During Alzheimer's disease, 'plaques' of amyloid beta (Ab) and tau protein 'tangles' develop in the brain, leading to the death of brain cells and disruption of chemical signaling between neurons. This leads to loss of memory, mood changes, and difficulties with reasoning. New research published in BioMed Central's open access journal Alzheimer's Research & Therapy, has found that up-regulating the gene Hes1 largely counteracted the effects of Ab on neurons, including preventing cell death, and on GABAergic signaling.
The exact mechanism behind how Ab contributes to Alzheimer's disease is not yet fully understood, however researchers from Centro Andaluz de Biología Molecular y Medicina Regenerativa (CABIMER) in Spain recently discovered that Ab interferes with the normal activity of nerve growth factor (NGF). One of the actions of NGF is activating the protein Hes1, a transcription factor required to turn on other genes. Without this factor GABAergic signaling within the brain decreases.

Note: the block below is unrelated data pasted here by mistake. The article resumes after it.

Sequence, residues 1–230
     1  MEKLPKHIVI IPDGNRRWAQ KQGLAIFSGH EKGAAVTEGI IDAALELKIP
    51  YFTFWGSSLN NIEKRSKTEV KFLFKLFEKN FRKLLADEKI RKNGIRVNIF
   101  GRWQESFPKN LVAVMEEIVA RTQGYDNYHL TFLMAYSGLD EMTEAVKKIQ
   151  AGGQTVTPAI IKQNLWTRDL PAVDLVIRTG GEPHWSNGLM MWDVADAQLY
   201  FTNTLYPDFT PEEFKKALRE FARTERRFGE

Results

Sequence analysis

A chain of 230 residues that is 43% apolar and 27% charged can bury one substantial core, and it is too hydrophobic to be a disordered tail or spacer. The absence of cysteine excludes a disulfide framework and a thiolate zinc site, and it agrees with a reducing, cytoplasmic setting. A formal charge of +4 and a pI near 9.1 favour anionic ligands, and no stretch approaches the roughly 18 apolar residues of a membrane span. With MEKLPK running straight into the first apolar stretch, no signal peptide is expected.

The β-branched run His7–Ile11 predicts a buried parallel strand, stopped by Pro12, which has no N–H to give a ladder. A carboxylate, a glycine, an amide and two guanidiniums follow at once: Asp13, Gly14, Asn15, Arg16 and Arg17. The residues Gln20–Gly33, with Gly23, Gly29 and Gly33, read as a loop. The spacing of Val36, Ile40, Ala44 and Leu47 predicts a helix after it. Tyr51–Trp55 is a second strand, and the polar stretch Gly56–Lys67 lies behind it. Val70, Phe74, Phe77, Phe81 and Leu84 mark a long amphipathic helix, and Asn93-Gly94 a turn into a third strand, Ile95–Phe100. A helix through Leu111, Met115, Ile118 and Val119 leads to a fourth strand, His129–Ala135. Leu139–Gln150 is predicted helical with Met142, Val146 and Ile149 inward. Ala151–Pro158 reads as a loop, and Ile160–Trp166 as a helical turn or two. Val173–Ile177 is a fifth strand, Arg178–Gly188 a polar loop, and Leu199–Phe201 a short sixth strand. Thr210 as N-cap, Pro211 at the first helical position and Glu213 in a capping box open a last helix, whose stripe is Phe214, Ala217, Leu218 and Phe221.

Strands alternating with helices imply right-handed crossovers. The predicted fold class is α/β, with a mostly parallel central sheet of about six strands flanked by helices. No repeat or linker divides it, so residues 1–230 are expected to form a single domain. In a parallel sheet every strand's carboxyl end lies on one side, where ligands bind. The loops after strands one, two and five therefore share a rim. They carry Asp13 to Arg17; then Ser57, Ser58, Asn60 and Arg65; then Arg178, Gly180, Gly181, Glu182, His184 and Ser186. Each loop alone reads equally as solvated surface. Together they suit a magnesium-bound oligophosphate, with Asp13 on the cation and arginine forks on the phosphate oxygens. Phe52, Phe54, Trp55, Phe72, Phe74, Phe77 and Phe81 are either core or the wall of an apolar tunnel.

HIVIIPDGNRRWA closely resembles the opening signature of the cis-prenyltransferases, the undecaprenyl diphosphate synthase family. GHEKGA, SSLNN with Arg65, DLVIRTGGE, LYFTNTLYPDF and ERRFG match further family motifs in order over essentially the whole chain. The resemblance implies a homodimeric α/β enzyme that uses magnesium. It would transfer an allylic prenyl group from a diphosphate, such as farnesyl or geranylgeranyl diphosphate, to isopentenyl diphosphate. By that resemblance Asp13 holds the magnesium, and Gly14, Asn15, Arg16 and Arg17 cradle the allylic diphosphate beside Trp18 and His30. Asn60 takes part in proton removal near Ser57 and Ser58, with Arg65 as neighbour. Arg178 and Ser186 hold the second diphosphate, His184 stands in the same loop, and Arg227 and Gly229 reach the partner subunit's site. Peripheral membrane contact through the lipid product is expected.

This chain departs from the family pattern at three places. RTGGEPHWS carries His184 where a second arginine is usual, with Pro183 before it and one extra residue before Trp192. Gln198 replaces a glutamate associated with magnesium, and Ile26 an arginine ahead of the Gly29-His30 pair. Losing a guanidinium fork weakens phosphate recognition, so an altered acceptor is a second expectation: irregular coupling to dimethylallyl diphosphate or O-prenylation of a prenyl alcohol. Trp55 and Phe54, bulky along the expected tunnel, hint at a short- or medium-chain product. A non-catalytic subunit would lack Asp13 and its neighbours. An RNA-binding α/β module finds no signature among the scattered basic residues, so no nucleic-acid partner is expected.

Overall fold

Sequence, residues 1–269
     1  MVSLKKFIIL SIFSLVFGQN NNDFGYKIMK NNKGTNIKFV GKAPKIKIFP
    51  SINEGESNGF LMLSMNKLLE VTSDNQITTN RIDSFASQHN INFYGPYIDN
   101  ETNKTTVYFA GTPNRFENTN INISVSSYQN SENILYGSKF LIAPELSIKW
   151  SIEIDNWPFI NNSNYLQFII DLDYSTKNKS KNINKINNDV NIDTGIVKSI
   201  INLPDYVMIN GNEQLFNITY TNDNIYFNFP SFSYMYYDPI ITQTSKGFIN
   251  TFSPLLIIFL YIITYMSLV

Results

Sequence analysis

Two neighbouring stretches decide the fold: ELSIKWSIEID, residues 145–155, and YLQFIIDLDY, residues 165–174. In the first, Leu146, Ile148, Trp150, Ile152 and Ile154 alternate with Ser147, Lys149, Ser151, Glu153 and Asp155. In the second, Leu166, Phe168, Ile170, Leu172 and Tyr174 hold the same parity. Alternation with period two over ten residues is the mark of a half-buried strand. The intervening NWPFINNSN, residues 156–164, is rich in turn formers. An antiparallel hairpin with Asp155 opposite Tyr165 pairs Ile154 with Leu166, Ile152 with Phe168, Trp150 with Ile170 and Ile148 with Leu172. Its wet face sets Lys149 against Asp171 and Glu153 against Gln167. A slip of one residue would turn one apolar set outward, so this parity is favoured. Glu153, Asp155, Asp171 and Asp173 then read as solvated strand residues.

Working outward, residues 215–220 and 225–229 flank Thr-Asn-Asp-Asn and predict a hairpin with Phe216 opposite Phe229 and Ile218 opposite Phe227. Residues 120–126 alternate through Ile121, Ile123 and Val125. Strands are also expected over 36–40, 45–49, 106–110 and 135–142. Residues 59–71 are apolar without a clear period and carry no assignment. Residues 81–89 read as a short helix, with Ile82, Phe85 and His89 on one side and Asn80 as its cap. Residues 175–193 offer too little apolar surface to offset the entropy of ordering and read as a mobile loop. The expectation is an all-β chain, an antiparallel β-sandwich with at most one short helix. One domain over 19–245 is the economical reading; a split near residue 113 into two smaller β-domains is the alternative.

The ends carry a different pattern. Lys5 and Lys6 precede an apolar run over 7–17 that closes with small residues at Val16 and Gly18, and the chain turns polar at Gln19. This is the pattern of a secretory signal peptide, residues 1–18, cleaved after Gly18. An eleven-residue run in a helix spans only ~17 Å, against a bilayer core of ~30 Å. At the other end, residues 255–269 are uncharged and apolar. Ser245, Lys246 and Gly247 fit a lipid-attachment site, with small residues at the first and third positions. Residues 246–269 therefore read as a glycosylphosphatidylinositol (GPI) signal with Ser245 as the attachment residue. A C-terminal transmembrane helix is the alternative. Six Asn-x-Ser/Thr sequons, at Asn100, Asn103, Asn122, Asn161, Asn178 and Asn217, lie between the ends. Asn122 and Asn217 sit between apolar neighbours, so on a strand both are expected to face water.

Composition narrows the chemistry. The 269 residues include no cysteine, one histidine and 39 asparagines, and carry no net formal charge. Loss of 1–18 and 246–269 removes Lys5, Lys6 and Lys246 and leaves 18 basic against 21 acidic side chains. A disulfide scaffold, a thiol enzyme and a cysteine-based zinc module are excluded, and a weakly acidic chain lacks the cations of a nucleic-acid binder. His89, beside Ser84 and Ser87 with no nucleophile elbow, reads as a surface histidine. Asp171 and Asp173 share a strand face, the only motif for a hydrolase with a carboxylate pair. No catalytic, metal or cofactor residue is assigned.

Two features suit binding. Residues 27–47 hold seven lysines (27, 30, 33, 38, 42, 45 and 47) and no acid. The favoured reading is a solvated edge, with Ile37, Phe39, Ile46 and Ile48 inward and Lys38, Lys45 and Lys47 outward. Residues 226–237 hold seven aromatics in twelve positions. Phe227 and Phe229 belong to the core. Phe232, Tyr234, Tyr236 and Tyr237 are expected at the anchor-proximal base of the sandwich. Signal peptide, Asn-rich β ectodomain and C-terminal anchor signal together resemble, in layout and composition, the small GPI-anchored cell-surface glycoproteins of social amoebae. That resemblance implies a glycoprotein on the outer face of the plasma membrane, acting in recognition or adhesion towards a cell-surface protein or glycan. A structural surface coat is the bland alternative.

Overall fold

Using gene therapy techniques, Pedro Chacón and Alfredo Rodríguez-Tébar augmented the amount of Hes1 in cultured neurons. Increasing the amount of Hes1, directly or by activating the protein NF-kB (which in turn up-regulate the cell's own Hes1), abolished the effect of Ab and prevented neuron death. Additionally another growth factor, TGFb, which can also activate NF-kB, was able to prevent the effects of Ab on neurons by improving levels of Hes1.
Pedro Chacón explained, "Ab usually decreases the length of dendrites and GABAergic connectivity of neurons, however these effects were completely reversed by Hes1, NF-kB, and TGFb. When we grew neurons in a concentration of Ab which normally kills most cells, 50% of the neurons with extra Hes1 were able to survive."
These results demonstrate that neurons can be protected from the effects of Ab by increasing the amount of Hes1 in the cells. By clarifying the roles of NGF or TGFb in Hes1 protection this research provides strategies for limiting the effects of Alzheimer's disease.
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